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Found 17 results

  1. I have read many posts from several different sites and still confused.... My old company where I had 10 years of retirement service has made a Lumpsum distribution offer for $176,600 giving me option of direct roll over to IRA(Roth & traditional) OR Cash payment. My current employer has reduced my pay by 10% due to Covid downturn so i do qualify under CAES for 3-year deferred tax treatment for $100,000. What I want to do is roll over entire $176,600 to Roth while taking advantage of 3 - year tax deferment...i.e. Roll over entire $176,600 in 2020 to Roth. While claiming only $76,600 + 1/3 of $100,000 as income this year (it may be complicated form that i would have to fill but net effect would be this) Add 1/3 of $100,000 as my income in subsequent 2021 & 2022 tax years. I have opted for Cash payment to me so that i would have maximum flexibility. Question #1: Is That possible and How? Question #2: Assuming answer to 1st is yes, What will be addition to my taxable income for state taxes: Same as federal i.e. $76,600 + 1/3 of $100,000 OR entire $176,000 will be added Thanks. Talat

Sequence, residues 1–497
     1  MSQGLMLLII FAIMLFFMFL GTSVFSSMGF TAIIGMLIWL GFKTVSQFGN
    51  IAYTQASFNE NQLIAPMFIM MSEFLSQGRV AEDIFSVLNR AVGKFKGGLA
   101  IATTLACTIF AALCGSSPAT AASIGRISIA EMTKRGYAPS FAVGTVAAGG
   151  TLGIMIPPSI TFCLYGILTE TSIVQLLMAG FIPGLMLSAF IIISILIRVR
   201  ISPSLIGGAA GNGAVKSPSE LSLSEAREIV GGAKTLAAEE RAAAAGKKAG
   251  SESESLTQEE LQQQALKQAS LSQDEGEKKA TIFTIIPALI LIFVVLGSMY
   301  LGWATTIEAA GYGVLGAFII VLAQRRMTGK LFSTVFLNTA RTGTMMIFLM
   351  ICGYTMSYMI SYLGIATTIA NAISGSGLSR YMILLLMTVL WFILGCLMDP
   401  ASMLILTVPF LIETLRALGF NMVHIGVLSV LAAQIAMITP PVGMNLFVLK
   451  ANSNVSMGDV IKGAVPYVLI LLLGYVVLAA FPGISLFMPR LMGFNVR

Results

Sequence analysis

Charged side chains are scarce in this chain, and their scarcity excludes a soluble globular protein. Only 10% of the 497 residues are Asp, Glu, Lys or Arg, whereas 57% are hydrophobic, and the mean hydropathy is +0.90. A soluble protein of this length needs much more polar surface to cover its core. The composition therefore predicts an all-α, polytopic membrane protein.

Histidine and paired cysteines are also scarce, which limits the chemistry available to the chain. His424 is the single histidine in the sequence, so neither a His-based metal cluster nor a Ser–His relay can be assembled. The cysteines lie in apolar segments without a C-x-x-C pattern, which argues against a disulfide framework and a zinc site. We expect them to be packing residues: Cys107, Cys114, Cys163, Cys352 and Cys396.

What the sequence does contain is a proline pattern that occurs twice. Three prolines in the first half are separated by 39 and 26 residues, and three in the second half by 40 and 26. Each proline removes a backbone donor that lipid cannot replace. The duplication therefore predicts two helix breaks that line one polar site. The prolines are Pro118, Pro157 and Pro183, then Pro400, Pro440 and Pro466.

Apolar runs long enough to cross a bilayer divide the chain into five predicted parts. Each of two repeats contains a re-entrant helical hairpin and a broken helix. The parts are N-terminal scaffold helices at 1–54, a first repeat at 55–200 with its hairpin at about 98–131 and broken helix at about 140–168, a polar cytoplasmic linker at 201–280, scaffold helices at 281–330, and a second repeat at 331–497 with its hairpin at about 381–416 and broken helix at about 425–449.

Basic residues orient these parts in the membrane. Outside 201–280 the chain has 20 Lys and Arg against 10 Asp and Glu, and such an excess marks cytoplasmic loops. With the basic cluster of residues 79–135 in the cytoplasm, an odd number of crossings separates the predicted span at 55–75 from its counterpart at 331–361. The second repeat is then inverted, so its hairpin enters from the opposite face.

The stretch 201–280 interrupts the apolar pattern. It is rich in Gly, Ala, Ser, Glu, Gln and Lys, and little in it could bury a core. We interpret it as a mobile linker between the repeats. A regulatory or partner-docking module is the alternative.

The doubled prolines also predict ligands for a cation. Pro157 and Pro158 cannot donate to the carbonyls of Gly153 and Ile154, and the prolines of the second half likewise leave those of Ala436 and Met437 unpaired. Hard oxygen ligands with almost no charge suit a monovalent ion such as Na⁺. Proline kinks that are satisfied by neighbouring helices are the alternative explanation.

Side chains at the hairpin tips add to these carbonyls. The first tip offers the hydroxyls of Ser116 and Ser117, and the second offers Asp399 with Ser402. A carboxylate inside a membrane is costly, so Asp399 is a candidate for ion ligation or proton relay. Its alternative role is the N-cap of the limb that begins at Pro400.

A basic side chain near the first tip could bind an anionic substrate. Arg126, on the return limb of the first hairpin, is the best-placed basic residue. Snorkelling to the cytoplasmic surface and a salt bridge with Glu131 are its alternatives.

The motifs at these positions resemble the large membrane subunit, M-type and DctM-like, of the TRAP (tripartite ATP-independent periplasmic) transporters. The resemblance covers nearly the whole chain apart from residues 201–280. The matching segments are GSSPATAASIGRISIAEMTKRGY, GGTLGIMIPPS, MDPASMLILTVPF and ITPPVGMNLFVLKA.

2. Last year, I had significant capital losses in a cash management account held at Merrill Lynch. I used the $3,000 last year as a way to reduce my taxable income and I still have several thousands that I can roll into 2019 tax year. My question is, can I use those losses to offset a conversion of funds from my traditional IRA to my roth IRA? Assuming I transfer 10,000 dollars from my traditional IRA into my roth, and assuming I have a tax rate of 25%, that $2,500 would essentially be nullified by my $3,000 capital loss carryover? Am I correct with this assumption or do the capital losses have to come from one of the ira accounts?
  3. It appears that Roth 403(b) contributions in included in the W2 Box 1 calculation of wages and also noted with code BB in box 12. Can the employee Roth 403(b) contribution be used to satisfy the earned income test associated with making contributions to a outside traditional or Roth IRA. Said another way... Assuming no other earned income, if MFJ, can a $13K after tax employee contribution to a Roth 403(b) be used to meet the earned income test to allow additional 2x6.5k contributions to a couple's Roth IRAs?